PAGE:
John the Baptist says about Jesus, “he must increase, but I must decrease” (v.30). I’d have to look at the Greek to see the correct word order, but in this English translation John focuses first on Jesus increasing. If I (ego) am going to decrease it will be because Christ is increasing in me. To put it bluntly, it is virtually impossible for me to decrease and be “crucified with Christ,” to borrow from Paul, without Christ increasing in me.

It took lots of humility for John to move over, in terms of his preaching and baptism ministry, to make room for Jesus to increase in ministry scope. Yet, the effective minister knows that she is most fruitful when ego is gone and Christ reigns in and through her.

So, I will lovingly obey Christ today by making sure that I don’t seek to outshine him (as if I really could). In other words, I will make sure that in my words, thoughts, and actions I invite him to be more prominent than me so that people come away more impressed with who he is than with who I am.

Tuesday, November 16, 2010

21 Days of Love: John 2

Jesus goes ballistic in the Temple courts, chasing away those who were exchanging money and selling goods. The reasons for Jesus’ anger has more to do with injustice than buying/selling in the Temple. The people exchanging money were charging exorbitant exchange rates to people who had to use Jerusalem currency in order to buy an animal to be sacrificed at the Passover. To make matters worse, the people selling the animals to be sacrificed were marking up their prices dramatically. In short, the religious leaders (Sadducees) who ran the Temple were making it nearly impossible, financially speaking, for poor pilgrims to worship in the temple. Jesus’ anger is aimed toward those who are taking advantage of the poor.

Through this passage, I have learned that I can lovingly obey Christ today by challenging injustice, oppression, and greed. Today, I will seek to be a voice for those who experience the injustice of racism and exclusion, among other things. Today, I will drive out of the Temple (the church) anything that oppressively prevents all people from worshiping Christ freely. Lord, give me courageous love.

Sunday, November 14, 2010

21 Days of Love: John 1

In verse 47, Jesus describes Nathaneal as a person “in whom there is no deceit.” Self-deceit is sometimes hard to detect. We are so good at fooling ourselves and others, but Jesus sees into us. Today, I am going to lovingly obey Jesus by recognizing my propensity for deceit and committing to being true to God and the people around me. I will love Christ by being who he has called me to be, without apology or regret. If an occasion surfaces today to be dishonest/deceitful or honest/true, I will choose truth.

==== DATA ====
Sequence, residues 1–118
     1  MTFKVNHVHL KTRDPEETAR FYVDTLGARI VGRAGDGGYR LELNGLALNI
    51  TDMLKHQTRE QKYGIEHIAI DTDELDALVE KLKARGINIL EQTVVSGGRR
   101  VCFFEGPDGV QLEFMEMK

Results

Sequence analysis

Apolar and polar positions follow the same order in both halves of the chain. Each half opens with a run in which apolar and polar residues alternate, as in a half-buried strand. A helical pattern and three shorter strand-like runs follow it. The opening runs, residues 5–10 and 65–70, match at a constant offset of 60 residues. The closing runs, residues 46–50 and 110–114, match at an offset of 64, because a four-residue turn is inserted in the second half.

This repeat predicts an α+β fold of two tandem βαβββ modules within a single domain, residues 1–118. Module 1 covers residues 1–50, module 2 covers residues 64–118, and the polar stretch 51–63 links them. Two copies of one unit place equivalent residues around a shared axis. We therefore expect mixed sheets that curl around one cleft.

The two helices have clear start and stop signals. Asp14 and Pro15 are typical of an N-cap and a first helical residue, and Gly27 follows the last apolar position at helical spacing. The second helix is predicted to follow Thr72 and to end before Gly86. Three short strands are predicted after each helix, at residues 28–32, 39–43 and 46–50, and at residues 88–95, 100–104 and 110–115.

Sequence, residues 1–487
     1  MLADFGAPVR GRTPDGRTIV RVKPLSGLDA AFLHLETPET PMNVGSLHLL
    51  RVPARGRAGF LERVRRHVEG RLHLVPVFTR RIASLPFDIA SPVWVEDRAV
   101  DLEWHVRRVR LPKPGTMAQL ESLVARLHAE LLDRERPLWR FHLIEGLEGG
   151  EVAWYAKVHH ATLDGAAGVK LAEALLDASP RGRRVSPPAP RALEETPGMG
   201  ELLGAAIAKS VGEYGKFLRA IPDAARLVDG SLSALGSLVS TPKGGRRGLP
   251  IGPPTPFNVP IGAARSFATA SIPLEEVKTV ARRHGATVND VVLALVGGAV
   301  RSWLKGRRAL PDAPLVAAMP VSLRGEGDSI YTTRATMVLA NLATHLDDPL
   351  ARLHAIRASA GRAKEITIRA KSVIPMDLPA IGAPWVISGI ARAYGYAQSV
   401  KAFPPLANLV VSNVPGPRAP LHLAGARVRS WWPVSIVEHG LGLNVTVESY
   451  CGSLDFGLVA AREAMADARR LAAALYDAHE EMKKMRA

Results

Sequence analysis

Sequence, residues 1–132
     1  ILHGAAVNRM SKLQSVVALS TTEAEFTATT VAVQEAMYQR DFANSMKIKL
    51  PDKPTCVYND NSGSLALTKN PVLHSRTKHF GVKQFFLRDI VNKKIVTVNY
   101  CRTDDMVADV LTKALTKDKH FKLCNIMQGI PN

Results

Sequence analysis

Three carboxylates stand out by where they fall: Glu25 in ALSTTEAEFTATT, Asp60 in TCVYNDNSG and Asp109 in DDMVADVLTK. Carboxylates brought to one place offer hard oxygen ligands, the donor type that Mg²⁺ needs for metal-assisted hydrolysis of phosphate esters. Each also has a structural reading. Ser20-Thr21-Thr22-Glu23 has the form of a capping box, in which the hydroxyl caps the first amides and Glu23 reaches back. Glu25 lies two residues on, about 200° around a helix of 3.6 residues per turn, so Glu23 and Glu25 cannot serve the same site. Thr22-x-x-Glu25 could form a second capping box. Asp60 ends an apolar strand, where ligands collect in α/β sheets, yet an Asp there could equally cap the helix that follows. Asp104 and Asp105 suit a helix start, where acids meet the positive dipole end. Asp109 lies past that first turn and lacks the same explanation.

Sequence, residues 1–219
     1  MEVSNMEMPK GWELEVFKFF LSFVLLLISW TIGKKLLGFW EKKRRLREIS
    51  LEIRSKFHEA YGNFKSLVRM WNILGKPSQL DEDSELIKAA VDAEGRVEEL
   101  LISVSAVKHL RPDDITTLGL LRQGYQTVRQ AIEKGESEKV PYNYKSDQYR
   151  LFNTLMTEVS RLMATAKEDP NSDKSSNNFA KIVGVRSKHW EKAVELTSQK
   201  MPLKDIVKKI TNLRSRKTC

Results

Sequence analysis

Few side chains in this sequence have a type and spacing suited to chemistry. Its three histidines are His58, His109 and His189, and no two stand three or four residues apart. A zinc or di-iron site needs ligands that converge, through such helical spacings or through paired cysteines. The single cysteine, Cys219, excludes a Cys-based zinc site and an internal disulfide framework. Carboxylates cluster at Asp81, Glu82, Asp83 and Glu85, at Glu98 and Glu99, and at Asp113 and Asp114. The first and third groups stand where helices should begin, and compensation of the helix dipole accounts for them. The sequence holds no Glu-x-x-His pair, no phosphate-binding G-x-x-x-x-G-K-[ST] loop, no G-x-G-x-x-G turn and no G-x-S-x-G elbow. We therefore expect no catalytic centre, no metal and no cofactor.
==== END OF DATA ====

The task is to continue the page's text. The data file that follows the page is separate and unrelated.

Monday, November 8, 2010

What Makes the Church the Church?

As part of my Doctor of Ministry program, I travelled to Houston, TX with the nine other pastors in my cohort. This learning adventure was called “Church Immersion.” The goal of the trip was to explore as many diverse expressions of the local church in the Houston area as possible in only three days. Needless to say, by the end of the trip our heads were spinning with ideas and questions.

We visited a church focused on addiction recovery called Mercy Street, which was co-pastored by my friend Sean Gladding. During the service people stood up and shared how many days they were sober. People clapped and screamed in celebration. At times we couldn’t tell whether we were in an N/A (Narcotics Anonymous) meeting or a church service. The worship experience had a raw realness to it that moved me to tears then and now.

We visited the Lakewood Church, pastored by Joel Osteen. This was a very different kind of church that seemed to be reaching a very different group than Mercy Street was reaching. While Lakewood Church, for a variety of reasons, was not my “cup of tea,” the singing was as lively as I have ever experienced. Our cohort had a chance to visit for a few minutes with Joel and Victoria Osteen before heading off to another very different kind of church.

Our group arrived late to participate in the worship service of the Windsor Village United Methodist Church, led by Pastor Kirbyjon Caldwell. Windsor Village is the largest African American United Methodist Church in the country. As you may have guessed, members of my cohort were the only Caucasians in attendance that day, so we sort of stuck out a bit as we’re hunting for seats about half-way through their service. We were met with warm hospitality and an excellent sermon preached by Kirbyjon in the African American style I have come to appreciate. I can still remember the mantra he used throughout his sermon “stay in your lane!” My cohort spent an hour with Pastor Caldwell hearing him describe the church’s missional heartbeat for community development.